Nat'l Rifle Ass'n of Am. v. City of L. A., Case No. 2:19-cv-03212-SVW-GJS

CourtUnited States District Courts. 9th Circuit. United States District Courts. 9th Circuit. Central District of California
Citation441 F.Supp.3d 915
Decision Date11 December 2019
Docket NumberCase No. 2:19-cv-03212-SVW-GJS

441 F.Supp.3d 915


Case No. 2:19-cv-03212-SVW-GJS

United States District Court, C.D. California.

Filed December 11, 2019

441 F.Supp.3d 924

Carl Dawson Michel, Tiffany Dawn Cheuvront, Sean Anthony Brady, Anna M. Barvir, Michel and Associates PC, Long Beach, CA, for National Rifle Association of America.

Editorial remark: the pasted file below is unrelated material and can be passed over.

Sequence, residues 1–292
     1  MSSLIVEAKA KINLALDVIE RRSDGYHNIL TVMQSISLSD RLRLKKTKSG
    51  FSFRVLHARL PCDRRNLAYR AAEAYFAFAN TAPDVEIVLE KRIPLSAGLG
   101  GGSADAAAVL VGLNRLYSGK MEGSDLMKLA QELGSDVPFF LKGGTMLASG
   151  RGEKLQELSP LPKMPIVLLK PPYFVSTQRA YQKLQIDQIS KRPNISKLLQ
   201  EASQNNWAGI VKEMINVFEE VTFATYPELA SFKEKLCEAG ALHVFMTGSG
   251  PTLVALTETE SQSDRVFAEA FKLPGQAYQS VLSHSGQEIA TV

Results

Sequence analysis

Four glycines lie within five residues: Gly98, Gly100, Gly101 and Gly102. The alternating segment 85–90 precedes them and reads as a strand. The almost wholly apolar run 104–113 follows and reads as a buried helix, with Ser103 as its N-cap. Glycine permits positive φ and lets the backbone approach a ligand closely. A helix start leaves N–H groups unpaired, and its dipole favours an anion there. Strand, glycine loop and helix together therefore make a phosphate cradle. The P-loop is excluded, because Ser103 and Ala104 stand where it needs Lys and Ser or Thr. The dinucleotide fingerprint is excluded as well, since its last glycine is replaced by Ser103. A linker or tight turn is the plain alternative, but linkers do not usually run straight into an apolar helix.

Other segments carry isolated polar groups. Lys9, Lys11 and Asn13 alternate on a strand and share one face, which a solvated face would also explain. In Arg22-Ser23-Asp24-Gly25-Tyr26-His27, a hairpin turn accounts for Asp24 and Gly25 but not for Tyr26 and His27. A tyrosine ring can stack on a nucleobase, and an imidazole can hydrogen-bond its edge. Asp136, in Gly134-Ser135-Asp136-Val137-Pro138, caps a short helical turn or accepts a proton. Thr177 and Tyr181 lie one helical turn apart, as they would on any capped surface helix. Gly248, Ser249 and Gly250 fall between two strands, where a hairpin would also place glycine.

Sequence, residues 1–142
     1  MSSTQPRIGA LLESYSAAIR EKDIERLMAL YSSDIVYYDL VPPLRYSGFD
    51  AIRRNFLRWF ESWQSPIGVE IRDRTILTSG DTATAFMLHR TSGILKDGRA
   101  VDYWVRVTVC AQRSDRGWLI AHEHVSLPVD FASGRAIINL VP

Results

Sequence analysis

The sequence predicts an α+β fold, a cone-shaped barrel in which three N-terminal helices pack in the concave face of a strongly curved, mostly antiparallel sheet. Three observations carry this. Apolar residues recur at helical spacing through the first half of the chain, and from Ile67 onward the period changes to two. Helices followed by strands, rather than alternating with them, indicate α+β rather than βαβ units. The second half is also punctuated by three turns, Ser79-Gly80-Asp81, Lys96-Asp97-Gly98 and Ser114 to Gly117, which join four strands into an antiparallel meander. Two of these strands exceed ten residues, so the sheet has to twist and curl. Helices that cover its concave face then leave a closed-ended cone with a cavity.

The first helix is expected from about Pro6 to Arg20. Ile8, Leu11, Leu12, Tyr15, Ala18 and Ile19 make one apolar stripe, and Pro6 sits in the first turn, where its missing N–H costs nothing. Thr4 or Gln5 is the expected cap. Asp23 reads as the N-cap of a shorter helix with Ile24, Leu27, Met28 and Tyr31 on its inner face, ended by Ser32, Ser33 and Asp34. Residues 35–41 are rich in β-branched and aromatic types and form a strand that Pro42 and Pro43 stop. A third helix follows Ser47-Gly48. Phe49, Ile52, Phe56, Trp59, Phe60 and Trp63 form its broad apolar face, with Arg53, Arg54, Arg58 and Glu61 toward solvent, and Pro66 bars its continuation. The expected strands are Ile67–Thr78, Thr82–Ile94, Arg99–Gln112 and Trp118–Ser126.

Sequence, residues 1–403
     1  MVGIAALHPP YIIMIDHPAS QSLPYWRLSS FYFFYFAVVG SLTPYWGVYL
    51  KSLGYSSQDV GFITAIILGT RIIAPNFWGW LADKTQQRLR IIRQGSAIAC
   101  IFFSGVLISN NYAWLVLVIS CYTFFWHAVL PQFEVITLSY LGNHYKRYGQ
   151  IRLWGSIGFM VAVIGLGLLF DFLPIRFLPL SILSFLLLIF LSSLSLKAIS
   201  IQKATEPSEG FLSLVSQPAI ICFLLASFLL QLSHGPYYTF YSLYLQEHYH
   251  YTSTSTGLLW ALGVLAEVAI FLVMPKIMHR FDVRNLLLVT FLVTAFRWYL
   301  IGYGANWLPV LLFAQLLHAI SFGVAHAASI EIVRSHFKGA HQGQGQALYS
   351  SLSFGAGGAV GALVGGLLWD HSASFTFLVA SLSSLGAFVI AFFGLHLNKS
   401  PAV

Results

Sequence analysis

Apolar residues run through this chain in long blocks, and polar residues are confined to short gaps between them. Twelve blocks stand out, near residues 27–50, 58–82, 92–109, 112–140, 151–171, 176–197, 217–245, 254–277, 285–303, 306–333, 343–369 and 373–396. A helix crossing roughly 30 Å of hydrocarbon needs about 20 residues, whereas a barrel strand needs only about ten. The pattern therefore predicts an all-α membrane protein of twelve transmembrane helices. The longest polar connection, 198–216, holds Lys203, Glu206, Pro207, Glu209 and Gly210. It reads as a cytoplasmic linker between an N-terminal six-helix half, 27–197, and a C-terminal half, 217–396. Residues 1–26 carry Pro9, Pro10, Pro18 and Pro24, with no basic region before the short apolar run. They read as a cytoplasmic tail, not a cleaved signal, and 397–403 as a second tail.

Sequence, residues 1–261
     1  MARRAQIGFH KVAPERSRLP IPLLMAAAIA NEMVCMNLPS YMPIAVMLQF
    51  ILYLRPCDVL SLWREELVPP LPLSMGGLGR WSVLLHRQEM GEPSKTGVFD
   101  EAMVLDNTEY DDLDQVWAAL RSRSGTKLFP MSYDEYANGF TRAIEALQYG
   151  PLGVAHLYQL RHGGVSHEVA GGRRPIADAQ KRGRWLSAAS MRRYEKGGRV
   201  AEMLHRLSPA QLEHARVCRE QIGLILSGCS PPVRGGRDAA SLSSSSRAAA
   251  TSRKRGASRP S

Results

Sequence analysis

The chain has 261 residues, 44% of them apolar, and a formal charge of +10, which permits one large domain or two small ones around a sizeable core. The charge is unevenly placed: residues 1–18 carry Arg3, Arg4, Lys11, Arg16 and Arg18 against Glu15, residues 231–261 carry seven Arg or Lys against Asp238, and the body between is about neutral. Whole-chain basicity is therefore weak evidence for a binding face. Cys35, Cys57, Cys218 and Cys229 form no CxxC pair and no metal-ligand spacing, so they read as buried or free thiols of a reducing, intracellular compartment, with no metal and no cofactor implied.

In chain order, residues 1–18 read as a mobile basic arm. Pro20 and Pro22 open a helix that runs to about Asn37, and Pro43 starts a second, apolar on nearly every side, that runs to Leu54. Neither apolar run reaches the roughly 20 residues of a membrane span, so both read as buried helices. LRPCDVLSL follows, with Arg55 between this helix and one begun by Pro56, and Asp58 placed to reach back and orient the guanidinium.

Anna M. Barvir, Carl Dawson Michel, Sean Anthony Brady, Michel and Associates PC, Long Beach, CA, for John Doe.

Benjamin F. Chapman, Los Angeles City Attorneys Office, Los Angeles, CA, for City of Los Angeles, Eric Garcetti, Holly Wolcott.



The National Rifle Association ("NRA") and John Doe (together "Plaintiffs") bring this action for declaratory relief and a preliminary injunction against the City of Los Angles ("City"), Eric Garcetti ("Garcetti") in his official capacity as Mayor of

441 F.Supp.3d 925

Los Angeles, and Holly L. Wolcott ("Wolcott") in her official capacity as City Clerk (together "Defendants"). Defendants have moved to dismiss the complaint and have opposed the preliminary injunction.